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    Here's one involving Legos, (and there's a dilemma in it for me) : Since the age of two I've gotten her small legos kits to assemble. By the time she was three she was assembling kits "designed for 8-12 year olds" and sometimes 14 year olds. Not being able to read very well, the age brackets went unnoticed. Now that she just turned 6 and can read, she sees that the kits I get her are for 10-14, or older. She's got this incredible sense of right/wrong and so she hands the kits back to me without even trying. She tells me she's too young for a particular kit. The ones for 6 year olds (if we can find one she didn't do when she was 2 or 3) are not even challenging. I wish they didn't put "6-12" or "8-12" so boldly on the boxes.

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    Mmph. So from experience, I'll mention that you might want to watch out for gendered signage on public or school bathrooms, as well!

    On Legos: perhaps you could remove them from the boxes first? Though, of course, the bigger conversation is over age guidelines as ballparks or averages only, not rules set in stone. Like sizes on clothing. If she were a really tall six-year-old, would she refuse to wear size 8 clothes because she was "too young"? If she's on the smaller side, is she "too old" to wear size 4T? Obviously not. If those are the sizes that fit her body, she should wear them; we don't need to be bound by the size expectations for her age. Likewise, these Legos are the "sizes" that fit her Lego skills. (Not that there's anything wrong with playing with "younger" Legos.)


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    Oh, we've been going through the gender thing with bathrooms for a while now. I've been having to wait outside for a couple of years now.

    Thanks for the ideas re-legos. Sometimes she goes over board with rules in general. We were at the swimming pool recently and at one point she refused to go to a certain area with me because she's not allowed to go to that area during camp (she went to a YMCA camp during the summer). She was reprimanded by a teacher because she yelled at a volunteer car driver not to text and drive. ( I told her I was proud of that one)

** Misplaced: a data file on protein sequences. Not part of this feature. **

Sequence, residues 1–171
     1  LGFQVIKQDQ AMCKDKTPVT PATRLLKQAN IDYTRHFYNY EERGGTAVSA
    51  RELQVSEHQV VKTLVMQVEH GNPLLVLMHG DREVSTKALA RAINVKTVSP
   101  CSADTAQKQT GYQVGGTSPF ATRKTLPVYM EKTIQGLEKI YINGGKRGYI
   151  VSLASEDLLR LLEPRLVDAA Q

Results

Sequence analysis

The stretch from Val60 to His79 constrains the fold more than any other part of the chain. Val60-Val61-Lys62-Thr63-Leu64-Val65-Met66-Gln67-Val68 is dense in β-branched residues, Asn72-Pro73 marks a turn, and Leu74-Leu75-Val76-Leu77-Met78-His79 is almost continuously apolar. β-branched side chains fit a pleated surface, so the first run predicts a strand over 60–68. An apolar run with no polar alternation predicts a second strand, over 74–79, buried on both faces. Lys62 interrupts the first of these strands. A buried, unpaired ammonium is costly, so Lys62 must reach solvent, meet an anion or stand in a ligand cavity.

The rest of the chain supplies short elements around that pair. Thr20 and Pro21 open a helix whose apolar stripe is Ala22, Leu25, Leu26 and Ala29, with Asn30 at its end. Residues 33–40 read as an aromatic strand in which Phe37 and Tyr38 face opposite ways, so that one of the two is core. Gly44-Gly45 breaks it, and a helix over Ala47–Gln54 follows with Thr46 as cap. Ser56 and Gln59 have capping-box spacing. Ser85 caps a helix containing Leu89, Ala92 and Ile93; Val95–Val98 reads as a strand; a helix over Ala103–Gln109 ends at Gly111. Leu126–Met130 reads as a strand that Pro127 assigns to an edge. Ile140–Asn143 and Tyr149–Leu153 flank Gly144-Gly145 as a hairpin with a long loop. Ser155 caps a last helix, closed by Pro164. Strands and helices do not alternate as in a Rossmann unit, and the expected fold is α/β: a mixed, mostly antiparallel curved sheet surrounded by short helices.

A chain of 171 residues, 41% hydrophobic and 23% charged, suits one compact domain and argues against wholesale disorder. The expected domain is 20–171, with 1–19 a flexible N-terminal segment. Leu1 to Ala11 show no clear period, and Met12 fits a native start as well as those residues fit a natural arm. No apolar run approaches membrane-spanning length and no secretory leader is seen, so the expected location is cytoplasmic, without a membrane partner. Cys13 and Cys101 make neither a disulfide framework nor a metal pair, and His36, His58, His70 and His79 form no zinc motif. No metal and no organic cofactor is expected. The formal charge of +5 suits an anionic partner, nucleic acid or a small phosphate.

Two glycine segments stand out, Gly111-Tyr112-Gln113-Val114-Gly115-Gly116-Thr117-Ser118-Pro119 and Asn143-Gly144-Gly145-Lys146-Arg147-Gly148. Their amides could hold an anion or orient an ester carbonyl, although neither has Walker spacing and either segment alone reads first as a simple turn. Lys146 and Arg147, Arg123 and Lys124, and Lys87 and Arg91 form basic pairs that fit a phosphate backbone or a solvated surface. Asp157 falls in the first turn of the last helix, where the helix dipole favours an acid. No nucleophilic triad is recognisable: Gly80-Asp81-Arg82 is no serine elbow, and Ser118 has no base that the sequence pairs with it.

I know HG kids have a sense of justice (and she does, believe me) but do they sometimes also go over board with rules?

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    Overboard? They sure do!

    Once, one of mine was at school when my spouse happened to go in to take care of something. When the class went past the office while passing from one period to another, my spouse waved, but didn't get a response. That night at dinner, SO asks DC, "I saw you at school today and said 'hi', why didn't you wave to me?" To which the answer was that the class had been instructed to be quiet and keep their hands to themselves, "but I looked at you!" Which apparently was the closest one could get to greeting one's own parent without breaking a rule, at least in DC's mind.


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    Wow. That's my daughter!

    As an adult, I just associate this kind of stuff with the famous "Soup Nazi" episode on Seinfeld.

    Has your child grown up and out of that stage? Is it a stage?

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    Turned out it wasn't a stage for me. So I'm being real cautious with establishing rules for DD. When she got the first couple she would go into this cute 'rules mode' where she waves her hands back and forth and recites all of the rules she knows. (No biting people or animals. etc.)